Men At Work will combine storytelling, movement and video design to create an exciting and dynamic piece of new contemporary theatre examining the mental health crisis on construction sites. In the UK, more than one construction worker takes their own life every day, 3.7 times the national average. The piece will be based on interviews with real people within the industry, explore workplace banter and demonstrate the importance of human connection.
For further information, interviews, photographs contact: Wendy Niblock PR: wendyjniblock@btinternet.com / 07961 814834
LISTINGS:
New Space Festival
Friday 20 and Saturday 21 March, 7.30pm
Paisley Arts Centre
£10/£6 concession plus booking fee
Pete Lannon and Kim Donohoe in Like Animals 6 by Mihaela Bodlovic

SUPERFAN in association with Tron Theatre presents

Like Animals

A parrot says ‘I love you’. A dolphin tries to speak. A woman spends a lifetime trying to understand.

Paisley Arts Centre on Friday 17 April.

Pete Lannon and Kim Donohoe in Like Animals 6 by Mihaela Bodlovic

Newly announced National Theatre of Scotland Company in Residence SUPERFAN set off on tour from 4 April – 1 May 2020 with Like Animals: a funny and poignant look at love and communication in human (and not so human) relationships.

Directed by Herald Angel Award winner Ellie Dubois (No Show) and inspired by true accounts of research scientists working to communicate with animals, Like Animals weaves stories of human-animal communication around an exploration into the real-life relationship of performers Kim Donohoe and Pete Lannon.

Every night, Alex the parrot and Irene the scientist bid one another farewell with ‘be good, see you tomorrow, I love you.’ As time marches on and their relationship deepens, Alex begins to use the language he has learned from Irene to manipulate her. Peter the dolphin lives in a flooded house with Margaret, who is teaching him English. Working together in a bizarre NASA-funded experiment, their relationship garners unwelcome attention in the press with headlines such as ‘The Woman who lived in sin with a dolphin’ (The Telegraph, June 2014). Delving into the research, Kim and Pete tell these stories with only a paddling pool and a couple of wetsuits.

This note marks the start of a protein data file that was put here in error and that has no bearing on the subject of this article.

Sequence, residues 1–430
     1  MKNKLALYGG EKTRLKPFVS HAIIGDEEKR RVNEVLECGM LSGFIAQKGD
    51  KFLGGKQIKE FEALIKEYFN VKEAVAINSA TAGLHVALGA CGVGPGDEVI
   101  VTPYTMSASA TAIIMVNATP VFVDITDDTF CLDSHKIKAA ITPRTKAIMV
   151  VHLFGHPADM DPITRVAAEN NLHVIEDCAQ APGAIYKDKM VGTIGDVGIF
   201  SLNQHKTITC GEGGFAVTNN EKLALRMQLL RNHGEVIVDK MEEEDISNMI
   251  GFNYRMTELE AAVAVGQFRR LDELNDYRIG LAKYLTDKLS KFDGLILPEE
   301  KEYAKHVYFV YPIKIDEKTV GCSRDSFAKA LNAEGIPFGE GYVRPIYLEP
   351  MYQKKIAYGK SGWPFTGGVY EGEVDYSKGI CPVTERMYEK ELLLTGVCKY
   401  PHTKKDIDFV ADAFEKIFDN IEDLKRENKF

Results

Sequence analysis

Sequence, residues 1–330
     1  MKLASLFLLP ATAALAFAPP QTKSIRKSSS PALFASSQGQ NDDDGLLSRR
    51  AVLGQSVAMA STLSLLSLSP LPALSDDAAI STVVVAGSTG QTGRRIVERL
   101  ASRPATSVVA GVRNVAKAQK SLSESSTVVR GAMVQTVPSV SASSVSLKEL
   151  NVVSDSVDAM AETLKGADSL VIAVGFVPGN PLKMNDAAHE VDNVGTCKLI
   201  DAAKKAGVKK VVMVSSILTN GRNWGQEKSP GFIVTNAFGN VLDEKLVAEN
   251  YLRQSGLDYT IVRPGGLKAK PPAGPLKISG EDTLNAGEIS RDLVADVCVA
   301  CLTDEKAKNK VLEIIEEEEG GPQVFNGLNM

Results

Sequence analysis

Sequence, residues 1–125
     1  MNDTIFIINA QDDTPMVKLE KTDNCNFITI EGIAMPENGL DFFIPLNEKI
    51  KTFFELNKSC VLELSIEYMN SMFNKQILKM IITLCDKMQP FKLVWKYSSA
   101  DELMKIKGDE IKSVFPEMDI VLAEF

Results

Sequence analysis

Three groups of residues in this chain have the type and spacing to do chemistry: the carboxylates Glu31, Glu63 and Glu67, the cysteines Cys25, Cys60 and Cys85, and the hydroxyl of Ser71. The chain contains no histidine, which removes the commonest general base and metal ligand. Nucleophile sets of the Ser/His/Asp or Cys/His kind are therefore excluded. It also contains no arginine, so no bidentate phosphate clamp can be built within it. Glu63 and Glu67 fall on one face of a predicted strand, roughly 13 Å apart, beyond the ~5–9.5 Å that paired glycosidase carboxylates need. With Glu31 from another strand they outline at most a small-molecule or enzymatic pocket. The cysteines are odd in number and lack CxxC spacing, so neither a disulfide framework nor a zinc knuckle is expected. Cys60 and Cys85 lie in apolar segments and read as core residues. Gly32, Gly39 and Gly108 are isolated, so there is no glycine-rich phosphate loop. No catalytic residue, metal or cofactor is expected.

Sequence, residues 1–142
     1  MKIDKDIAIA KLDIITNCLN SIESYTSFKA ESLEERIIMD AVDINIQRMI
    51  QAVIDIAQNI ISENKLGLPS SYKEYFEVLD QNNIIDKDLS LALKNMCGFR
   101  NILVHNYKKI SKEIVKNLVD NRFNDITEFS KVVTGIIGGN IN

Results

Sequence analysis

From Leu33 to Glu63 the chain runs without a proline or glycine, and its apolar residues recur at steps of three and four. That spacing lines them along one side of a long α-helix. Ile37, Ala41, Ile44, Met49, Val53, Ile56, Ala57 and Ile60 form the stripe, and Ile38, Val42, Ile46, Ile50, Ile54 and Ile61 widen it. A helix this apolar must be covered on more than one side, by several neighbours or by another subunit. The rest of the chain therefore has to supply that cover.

MJ McCarthy’s delicate score and Rachel O’Neill’s surreal, contemporary design draws audiences into the joy and heartbreak of trying, and sometimes failing, to understand another being.

Like Animals has been developed in association with Tron CREATIVE through their Scratch and Tron Lab opportunities, and with support from Creative Scotland’s Open Project Fund.

SUPERFAN is a new Scottish performance company who create performances for adult and young audiences that blend theatre, live art, circus and dance. SUPERFAN won the 2019 Oxford Samuel Beckett Theatre Trust Award.

SHORTLIST – BEST THEATRE PRODUCTION, BROADWAY WORLD EDINBURGH FESTIVAL AWARDS 2019

“A quirky, thought-provoking two-hander” ★★★★ – The Telegraph

“Cleverly and deliberately entertaining …a production that asks chewy questions” ★★★★ – Herald Scotland

“Communication between animals may be important on a scientific level, but good communication with the ones you love is essential” ★★★★ – The Wee Review

“At a moment when we urgently need to reassess our relationship with the natural world, an exploration of human-animal connections feels timely” – Recommended Show 2019,  The Guardian

“…Original and beautifully staged” – Fest Magazine

FB @superfanperformance | T @wearesuperfan| I @superfanperformance

  #LikeAnimals

Fault Lines is a reimagining of a fashion show, looking to show the boundaries between how we look and how we see other people. Two Destination Language have assembled a truly diverse cast in terms of age, ability and race, and will have them taking to the catwalk while audiences flick between audio channels silent-disco style, creating their own soundtrack. The channels move between audio description, pop bangers, colonial history, language exploration. No two people will get the same show.

Two Destination Language present

FAULT LINES

A fashion show on the fracture of feminism and fabric.

Ride the wave – travel the catwalk.

Creating a catwalk experience like no other, award-winning theatre makers Two Destination Language present their most ambitious project yet as part of Edinburgh’s Manipulate Festival 2020.

Examining the ever blurring cultural lines between how we look and how we see each other, Fault Lines will bring five strong, brave and diverse femme performers together to share one stage, with each audience member choosing their own accompanying narrative.